National

Most of public backs permanent abdication solution for emperors: survey

Kyodo

Most Japanese support the creation of a permanent system to let emperors abdicate, a survey showed Monday, highlighting the public’s aversion to the government’s plan to enact a one-off abdication law applicable only to Emperor Akihito.

In a survey by Kyodo News covering 3,000 people 18 or older, 68 percent of respondents said the Imperial House Law should be revised to enable future emperors to relinquish the Chrysanthemum Throne.

Just 25 percent said that abdication should be legislated on a one-off basis, while 4 percent said Japan should not allow abdication at all.

The Diet’s ruling and opposition parties on March 17 adopted a proposal calling on Prime Minister Shinzo Abe’s government to enact special one-off legislation to let 83-year-old Emperor Akihito step down following a rare video message he gave last summer hinting at his desire to retire due to advanced age.

The government’s proposal was adopted by lawmakers while the survey was being carried out from March 8 to April 14.

On April 21, a government advisory panel on abdication compiled a set of proposals on altering the Imperial system after Emperor Akihito’s envisioned abdication under the special-case legislation.

The process of legalizing his abdication was debated by the panel because succession to the throne is currently only allowed after death, since the Imperial House Law lacks a provision on abdication.

Despite there being only two members of the Imperial family younger than 57-year-old Crown Prince Naruhito in line for the throne, the panel’s proposal did not address potential solutions but only called for a deeper debate at both the government and public levels.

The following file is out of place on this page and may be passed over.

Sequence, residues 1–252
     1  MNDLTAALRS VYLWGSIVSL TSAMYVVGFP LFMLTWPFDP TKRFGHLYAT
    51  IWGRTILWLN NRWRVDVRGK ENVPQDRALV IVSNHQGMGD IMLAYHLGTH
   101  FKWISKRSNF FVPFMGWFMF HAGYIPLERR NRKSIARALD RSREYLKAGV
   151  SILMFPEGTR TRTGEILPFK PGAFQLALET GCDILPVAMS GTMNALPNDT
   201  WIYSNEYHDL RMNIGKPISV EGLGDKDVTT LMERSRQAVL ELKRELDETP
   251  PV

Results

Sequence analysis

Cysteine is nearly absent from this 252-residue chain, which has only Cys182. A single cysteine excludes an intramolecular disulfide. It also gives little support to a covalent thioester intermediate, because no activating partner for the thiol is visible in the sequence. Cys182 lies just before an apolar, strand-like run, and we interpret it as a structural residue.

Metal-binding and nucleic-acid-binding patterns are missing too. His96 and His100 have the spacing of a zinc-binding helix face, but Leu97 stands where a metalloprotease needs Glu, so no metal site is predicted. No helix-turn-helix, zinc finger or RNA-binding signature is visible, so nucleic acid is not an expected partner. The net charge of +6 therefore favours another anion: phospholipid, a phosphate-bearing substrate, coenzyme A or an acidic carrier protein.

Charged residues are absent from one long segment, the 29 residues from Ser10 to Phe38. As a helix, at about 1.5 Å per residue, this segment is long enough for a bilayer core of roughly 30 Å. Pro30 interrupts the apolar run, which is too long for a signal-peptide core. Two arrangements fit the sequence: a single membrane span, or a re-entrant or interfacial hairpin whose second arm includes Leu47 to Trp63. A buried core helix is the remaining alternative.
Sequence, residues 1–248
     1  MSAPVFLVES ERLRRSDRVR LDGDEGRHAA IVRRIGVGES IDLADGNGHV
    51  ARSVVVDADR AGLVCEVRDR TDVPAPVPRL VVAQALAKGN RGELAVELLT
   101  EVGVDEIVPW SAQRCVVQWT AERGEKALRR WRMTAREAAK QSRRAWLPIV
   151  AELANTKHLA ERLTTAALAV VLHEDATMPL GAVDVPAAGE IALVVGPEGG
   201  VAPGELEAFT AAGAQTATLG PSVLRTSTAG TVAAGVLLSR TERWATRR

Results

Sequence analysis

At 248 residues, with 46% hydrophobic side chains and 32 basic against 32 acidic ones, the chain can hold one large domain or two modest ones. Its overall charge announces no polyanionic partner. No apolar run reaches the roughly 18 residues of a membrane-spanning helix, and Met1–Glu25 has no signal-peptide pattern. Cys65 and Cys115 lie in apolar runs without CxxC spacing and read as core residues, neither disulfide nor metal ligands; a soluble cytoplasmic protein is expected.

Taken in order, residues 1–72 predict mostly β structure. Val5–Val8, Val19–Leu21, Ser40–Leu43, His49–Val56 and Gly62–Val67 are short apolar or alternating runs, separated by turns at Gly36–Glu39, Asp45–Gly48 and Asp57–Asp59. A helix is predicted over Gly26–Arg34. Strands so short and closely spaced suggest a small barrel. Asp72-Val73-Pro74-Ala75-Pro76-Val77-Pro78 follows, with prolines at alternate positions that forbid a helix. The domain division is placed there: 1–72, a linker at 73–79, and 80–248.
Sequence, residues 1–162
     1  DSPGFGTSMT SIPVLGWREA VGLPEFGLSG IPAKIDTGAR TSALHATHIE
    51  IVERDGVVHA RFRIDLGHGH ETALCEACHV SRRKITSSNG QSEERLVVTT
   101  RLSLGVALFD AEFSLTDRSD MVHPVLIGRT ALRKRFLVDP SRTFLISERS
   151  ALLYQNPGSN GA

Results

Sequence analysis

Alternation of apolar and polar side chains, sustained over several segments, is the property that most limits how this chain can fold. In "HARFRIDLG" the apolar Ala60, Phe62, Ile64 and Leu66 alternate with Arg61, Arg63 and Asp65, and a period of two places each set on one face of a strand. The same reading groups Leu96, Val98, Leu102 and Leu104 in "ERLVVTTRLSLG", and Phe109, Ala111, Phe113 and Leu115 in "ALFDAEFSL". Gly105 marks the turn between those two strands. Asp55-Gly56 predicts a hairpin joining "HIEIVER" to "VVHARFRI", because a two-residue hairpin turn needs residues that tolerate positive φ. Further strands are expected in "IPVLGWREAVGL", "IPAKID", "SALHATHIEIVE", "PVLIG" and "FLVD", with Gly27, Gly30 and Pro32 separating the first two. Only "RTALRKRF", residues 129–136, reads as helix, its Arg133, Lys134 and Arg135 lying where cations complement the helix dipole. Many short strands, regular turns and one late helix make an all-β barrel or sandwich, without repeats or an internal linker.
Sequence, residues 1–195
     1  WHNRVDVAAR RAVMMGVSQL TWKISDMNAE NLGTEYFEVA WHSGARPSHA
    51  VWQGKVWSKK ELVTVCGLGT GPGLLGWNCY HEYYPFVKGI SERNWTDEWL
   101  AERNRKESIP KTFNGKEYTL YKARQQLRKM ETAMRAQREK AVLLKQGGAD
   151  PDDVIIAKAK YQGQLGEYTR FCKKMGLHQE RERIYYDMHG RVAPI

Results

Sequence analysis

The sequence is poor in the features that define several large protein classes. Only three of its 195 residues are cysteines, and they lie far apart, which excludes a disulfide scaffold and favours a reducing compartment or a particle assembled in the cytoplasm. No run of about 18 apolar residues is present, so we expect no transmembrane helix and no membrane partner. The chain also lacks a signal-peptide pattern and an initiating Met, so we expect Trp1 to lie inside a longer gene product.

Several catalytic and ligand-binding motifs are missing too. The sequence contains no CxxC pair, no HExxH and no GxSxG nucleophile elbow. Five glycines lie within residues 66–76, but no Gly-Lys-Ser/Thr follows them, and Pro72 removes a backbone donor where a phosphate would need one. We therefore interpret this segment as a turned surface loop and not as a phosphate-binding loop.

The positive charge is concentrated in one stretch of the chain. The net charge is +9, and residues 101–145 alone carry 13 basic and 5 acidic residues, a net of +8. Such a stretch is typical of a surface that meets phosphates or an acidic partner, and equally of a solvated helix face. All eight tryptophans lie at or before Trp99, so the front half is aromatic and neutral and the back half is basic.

After Emperor Akihito’s abdication, Prince Hisahito, 10, Prince Akishino’s only son, will be second in line to the throne. He is the only male member of the Imperial family of his generation.

The survey showed strong public support for having a female emperor or an emperor of female lineage, both of which are prohibited by law.

In the survey, 86 percent supported allowing a woman to assume the Imperial throne and 59 percent supported bringing about both a female emperor and an emperor of female lineage.

As for retaining princesses as members of the Imperial family by enabling them to establish their branches even after they marry commoners, 62 percent supported such branch establishment and 35 percent opposed it.

On the debate about potential legal pathways to the ascension of female Imperial members, 61 percent said discussion should be started after Emperor Akihito abdicates and 28 percent said it should be carried out in parallel with discussions about the abdication.

Earlier this year, Abe said giving Imperial status to those who are in collateral branches that have already left the family is one option, but only 22 percent supported it and 72 percent opposed it.

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